Patient Knowledge and Antibiotic Abuse: Evidence from an Audit Study in China
We ask how patient knowledge of appropriate antibiotic usage affects both physicians prescribing behavior and the physician-patient relationship. We conduct an audit study in which a pair of simulated patients with identical flu-like complaints visits the same physician. Simulated patient A is instructed to ask a question that showcases his/her knowledge of appropriate antibiotic use, whereas patient B is instructed to say nothing beyond describing his/her symptoms. We find that a patient’s knowledge of appropriate antibiotics use reduces both antibiotic prescription rates and drug expenditures. Such knowledge also increases physicians’ information provision about possible side effects, but has a negative impact on the quality of the physician-patient interactions.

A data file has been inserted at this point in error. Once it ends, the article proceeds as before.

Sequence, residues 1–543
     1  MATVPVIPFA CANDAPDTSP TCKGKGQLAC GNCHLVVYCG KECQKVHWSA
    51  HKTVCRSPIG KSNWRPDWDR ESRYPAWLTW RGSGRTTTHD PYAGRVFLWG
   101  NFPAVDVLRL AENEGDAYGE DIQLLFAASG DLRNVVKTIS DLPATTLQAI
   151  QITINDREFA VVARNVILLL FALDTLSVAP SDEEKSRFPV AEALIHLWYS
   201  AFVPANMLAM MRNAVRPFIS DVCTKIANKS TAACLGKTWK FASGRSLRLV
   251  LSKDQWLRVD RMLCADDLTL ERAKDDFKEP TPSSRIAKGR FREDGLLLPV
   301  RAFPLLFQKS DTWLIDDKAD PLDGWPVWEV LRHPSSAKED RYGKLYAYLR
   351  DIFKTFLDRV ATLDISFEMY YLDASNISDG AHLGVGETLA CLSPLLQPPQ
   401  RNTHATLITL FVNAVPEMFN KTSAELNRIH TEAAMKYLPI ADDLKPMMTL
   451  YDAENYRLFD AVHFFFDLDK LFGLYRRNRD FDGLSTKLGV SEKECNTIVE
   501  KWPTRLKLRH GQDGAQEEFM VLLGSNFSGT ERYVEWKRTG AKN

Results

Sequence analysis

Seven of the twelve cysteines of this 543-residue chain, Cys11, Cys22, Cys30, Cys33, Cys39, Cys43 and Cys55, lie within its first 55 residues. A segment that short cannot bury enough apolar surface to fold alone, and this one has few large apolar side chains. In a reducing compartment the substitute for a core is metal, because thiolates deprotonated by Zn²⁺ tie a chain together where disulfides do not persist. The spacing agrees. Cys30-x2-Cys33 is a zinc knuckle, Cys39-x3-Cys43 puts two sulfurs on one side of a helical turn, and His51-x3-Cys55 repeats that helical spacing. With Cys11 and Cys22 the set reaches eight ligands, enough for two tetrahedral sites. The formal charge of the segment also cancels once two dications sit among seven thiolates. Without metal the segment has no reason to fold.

This paper was revised on April 26, 2012
Document Object Identifier (DOI): 10.3386/w16602
Published: Currie, Janet & Lin, Wanchuan & Zhang, Wei, 2011. "Patient knowledge and antibiotic abuse: Evidence from an audit study in China," Journal of Health Economics, Elsevier, vol. 30(5), pages 933-949.
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